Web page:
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import bpy
from mathutils import Matrix, Vector


bpy.ops.transform.resize(value=(1, 2, 1), orient_type='LOCAL')
obj = bpy.context.active_object
mat = obj.matrix_world
print(mat)
bpy.ops.transform.resize(value=(1, .5, 1), orient_type='GLOBAL', orient_matrix=mat)

I have the following code. I have an group of parented bones. I am trying to length each individually along their own local axis. But because of the parent child relationship the children always deform along the local axis of the parent. My plan is to lengthen each bone along its local axis and then shrink each of its children along it's parents local axis. Repeating this process down the line. However I am a little confused on how to reverse the Local applied scale to the children's Global scale.

The code I have here is attempting to resize one object using local resize and then return it to its original size using a global resize. I just need help with understanding how the matrices work.

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$\begingroup$
import bpy

bpy.ops.transform.resize(value=(1, 2, 1), orient_type='LOCAL')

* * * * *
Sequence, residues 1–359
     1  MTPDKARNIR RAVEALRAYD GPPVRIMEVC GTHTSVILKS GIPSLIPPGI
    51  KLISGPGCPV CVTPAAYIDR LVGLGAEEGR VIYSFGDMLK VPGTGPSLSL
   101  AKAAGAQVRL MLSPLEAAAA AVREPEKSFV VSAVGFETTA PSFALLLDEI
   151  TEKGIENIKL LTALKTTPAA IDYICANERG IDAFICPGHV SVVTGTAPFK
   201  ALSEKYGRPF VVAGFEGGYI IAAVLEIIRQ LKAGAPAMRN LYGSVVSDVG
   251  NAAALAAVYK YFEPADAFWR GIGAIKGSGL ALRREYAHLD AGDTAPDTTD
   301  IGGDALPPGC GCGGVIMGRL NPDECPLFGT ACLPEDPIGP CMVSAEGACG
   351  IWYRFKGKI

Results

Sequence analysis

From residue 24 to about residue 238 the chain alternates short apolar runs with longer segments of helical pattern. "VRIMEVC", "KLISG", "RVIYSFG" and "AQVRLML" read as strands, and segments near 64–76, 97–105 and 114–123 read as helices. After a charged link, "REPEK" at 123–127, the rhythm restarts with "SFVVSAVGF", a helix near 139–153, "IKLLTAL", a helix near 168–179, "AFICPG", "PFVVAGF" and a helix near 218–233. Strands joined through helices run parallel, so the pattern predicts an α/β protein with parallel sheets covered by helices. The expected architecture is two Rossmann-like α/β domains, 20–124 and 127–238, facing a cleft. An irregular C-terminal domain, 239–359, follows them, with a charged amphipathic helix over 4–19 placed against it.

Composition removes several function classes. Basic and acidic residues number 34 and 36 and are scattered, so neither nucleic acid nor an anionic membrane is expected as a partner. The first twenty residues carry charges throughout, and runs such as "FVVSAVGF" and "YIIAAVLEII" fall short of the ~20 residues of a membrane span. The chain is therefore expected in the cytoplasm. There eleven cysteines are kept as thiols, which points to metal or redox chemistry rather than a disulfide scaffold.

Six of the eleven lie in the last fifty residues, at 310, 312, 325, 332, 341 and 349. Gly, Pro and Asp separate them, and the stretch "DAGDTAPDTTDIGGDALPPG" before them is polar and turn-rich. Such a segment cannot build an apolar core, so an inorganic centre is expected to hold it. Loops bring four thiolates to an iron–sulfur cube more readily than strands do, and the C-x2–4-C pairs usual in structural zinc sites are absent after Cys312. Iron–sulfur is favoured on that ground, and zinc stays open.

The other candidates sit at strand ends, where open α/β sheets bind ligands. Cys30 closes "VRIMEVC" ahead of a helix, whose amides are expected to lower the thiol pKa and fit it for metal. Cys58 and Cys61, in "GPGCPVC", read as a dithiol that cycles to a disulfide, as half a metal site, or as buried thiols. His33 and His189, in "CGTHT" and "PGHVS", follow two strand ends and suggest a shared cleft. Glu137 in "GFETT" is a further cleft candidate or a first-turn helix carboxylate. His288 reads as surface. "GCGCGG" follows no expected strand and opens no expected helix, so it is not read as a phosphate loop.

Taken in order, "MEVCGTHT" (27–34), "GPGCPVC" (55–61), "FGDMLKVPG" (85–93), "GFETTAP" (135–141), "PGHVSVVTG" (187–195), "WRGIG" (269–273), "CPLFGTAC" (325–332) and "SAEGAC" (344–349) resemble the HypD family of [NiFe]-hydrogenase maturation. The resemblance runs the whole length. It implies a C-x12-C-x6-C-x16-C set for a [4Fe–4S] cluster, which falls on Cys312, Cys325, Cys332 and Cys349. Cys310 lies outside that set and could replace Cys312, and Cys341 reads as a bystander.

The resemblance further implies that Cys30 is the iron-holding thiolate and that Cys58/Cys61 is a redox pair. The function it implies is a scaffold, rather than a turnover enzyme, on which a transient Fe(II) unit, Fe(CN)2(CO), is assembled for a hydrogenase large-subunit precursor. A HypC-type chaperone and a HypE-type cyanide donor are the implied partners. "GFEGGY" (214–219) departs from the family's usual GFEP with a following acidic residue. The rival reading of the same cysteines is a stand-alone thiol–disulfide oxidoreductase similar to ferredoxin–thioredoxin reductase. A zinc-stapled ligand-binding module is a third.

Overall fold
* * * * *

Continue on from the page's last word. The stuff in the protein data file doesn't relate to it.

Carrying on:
obj = bpy.context.selected_pose_bones[0]
mat = obj.matrix.to_3x3()
print(mat)
bpy.ops.transform.resize(value=(1, .5, 1), orient_type='GLOBAL', orient_matrix=mat)

This works and I am going to try and explain this. I am sort of newb here so bear with me, and by all means correct me in the comments if I am wrong.

Each translated, scaled or rotated object has a matrix that describes its relation to its original or "initial" coordinates in 3d space.

The way matrices work is they take each vertex's 'initial" coordinates and multiply them by a matrix, giving the vertices new coordinates. Before the any movement of the object happens the object simply has its original or "initial" coordinates located around the origin, Like how when you add a new object it always appears straight up and down and is usually in the center. If you transform rotate or scale the object, then that objects vertices will now be calculated using matrices, until of course, you apply (ctrl A) the scale rotation or position, which will change the "initial" coordinates of the object. Before that the matrices which are being used to describe the objects scale, location and rotation are stored in the object and are available to through the python API.

So what is happening here, is I am getting the bones rotational matrix and applying it to the scale command. So I am scaling in the direction specified by the rotation matrix, which describes the objects rotation from its "initial" coordinates.

But because of the way the matrices are stored, meaning that they include not only the rotational information but also the translation information, I have to use the .to_3x3() to isolate the the rotational part of the transformation.

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